Map Track Link
|Owens Peak at the head of Grapevine Canyon|
|Diminutive cemetery (labeled Mt Owens Cem on the FS map)|
|Oak and Gray Pine stand|
The sun comes up late in winter in these steep walled canyons, so birding was slow for a while. We saw the expected Bell's and White-crowned Sparrows immediately. At the first stand of pines and oaks we had a tough time finding much. But as the temperatures rose the bird activity did as well. By the second stand of trees things were hopping and remained so for the rest of the hike. Of particular note - Susan spotted a little puff ball in the top of a large pine, on further investigation with binoculars became a tiny Northern Pygmy-Owl hanging out and enjoying the warm sun on a cold day. West side Sierra Crest influence dictates some of the vegetation and species in these canyons as birds leak over and take up residence in the right habitat. Within all the large pines and oaks we found two pairs of Acorn Woodpeckers, Oak Titmice, a couple of Western Bluebirds, and many Western Scrub-Jays - all species that are tough to find outside the canyons on the west side of the valley.
|Owens Peak on the Sierra Crest and magnificent stands of trees.|
We worked our way up canyon along the south edge until it got very steep and explored the extensive vegetation at the head of the canyon. We pushed up a large flock of Pine Siskins feeding on the catkins from introduced Alder trees mixed in with native cottonwoods and willows. Turning back down following a slightly different x-country path along the arroyo for a while, we walked along wonderful habitat of pines and oaks, with much of the namesake grapevine hanging everywhere. A short distance later we were back at the car with a very respectable list of 26 species.
Indian Joe Canyon
Map Track Link
|Entrance to Indian Joe Canyon|
|Inyo California Towhee photographed on a previous trip to Indian Joe Canyon|
|Much modern "graffiti" on the rocks|
A primitive road went all the way to the lower garden springs but is long gone now with erosion and rockfalls. Thanks to the many wild burros in the area the trails are kept fairly open and navigable with some scrambling and route-finding occasionally necessary.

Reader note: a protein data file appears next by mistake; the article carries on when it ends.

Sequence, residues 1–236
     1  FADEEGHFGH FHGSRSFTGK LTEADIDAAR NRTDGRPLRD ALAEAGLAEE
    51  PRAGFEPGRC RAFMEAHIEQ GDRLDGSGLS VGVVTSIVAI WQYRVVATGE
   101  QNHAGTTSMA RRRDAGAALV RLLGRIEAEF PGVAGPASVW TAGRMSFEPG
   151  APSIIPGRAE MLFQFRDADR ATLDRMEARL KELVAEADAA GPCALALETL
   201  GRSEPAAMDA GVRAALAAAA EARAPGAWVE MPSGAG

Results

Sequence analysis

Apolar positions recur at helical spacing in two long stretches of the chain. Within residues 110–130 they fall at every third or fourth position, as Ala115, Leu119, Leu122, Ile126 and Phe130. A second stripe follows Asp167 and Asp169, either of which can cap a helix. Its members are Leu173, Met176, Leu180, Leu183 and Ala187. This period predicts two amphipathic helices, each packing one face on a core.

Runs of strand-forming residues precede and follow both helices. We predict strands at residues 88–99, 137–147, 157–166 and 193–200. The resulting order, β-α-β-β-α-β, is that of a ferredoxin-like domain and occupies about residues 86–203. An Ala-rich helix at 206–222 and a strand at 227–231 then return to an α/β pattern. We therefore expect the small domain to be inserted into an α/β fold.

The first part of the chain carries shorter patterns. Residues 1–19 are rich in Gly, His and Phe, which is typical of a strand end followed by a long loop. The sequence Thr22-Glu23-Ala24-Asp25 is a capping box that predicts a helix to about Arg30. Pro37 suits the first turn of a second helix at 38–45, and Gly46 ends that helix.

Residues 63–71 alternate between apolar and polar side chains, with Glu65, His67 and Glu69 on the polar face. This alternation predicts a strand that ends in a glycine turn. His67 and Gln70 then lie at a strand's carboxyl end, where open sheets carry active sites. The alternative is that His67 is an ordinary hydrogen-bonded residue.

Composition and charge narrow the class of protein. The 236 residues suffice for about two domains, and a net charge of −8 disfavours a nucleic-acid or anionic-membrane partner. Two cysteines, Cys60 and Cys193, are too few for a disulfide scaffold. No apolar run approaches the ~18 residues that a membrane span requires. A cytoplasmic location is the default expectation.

|The first permanent water is reach after only a short distance.|
|I'm sure the burros and other wildlife appreciate the easy access to water|
|Non-native trees choke the canyon in spots|
|Thanks to the burros for keeping the trail open|
|Much of the canyon is now an Ecological Reserve|
We continued over the ridge toward the upper garden viewing it from above as we moved farther up canyon following historic miner trails now well used by the local wildlife. We passed by Allen Springs and then Bainter Spring farther up canyon. At this point we were just wandering, following the most obvious trails toward Great Falls Basin to the north. We made it far enough to see into the canyon where the road to the parking area for the Basin and called it good enough. Someday we will connect the two trailheads.
|Indian Joe Spring|
|Indian Joe Spring|
|Historic Fig Tree roots|
|"Ancient" Fig Trees|
|Indian Joe Spring from above|
|Indian Joe Spring from the ridge|
|Hiking the ridge toward the north|
|Barrel cactus looking healthy with the fall rain|
|Argus Range above Great Falls Basin|
|Telescope Peak (Death Valley) and the Panamint Range across the valley|
|The Searles Valley|
|More outstanding rock formations in the Argus Range|
We made it back before the sun had set too low. It was a fun day in an area worthy of much more exploration.
|Open water near the upper garden area|
|A large rock cavity with evidence of occupancy in the past|